Grapes and wine may carry an Alzheimer's cure
There is no definitive cure for Alzheimer's disease, but a new body of research is shedding light on ways that people can prevent the condition from developing. Some of the solutions may be surprising.
A new study found that there may be a special power to grape seed polyphenols, which are primarily found in grape seeds and supplements, but are also present in red wine. This is because this chemical compound counteracts the growth of a harmful peptide linked to the disease, the study found.
"Since naturally occurring polyphenols are also generally commercially available as nutritional supplements and have negligible adverse events even after prolonged periods of treatment, this new finding holds significant promise as a preventive method or treatment, and is being tested in translational studies in Alzheimer's disease patients," said study leader Dr. Giulio Pasinetti.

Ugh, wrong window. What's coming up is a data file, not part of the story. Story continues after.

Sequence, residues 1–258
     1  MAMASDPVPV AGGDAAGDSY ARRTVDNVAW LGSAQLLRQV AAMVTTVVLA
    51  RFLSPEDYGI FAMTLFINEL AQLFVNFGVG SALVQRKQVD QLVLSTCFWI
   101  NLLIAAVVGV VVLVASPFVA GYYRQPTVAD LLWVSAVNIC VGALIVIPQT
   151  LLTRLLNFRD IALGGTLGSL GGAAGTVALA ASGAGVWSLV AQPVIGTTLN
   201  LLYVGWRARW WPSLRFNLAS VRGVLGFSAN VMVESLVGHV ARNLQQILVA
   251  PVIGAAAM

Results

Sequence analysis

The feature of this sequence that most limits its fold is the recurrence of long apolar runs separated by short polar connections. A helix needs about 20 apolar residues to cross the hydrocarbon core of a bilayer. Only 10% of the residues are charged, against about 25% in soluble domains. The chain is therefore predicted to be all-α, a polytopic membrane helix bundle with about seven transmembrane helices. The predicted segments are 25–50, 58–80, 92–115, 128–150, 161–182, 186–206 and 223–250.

And who needs an excuse to eat more grapes?
Better yet, the findings echo previous research done into the benefits of red wine on cognition. A 2008 study showed that the polyphenols present in the beverage have the same effect as the grape seed - they fight the formation of plaques that can be harmful to the brain.
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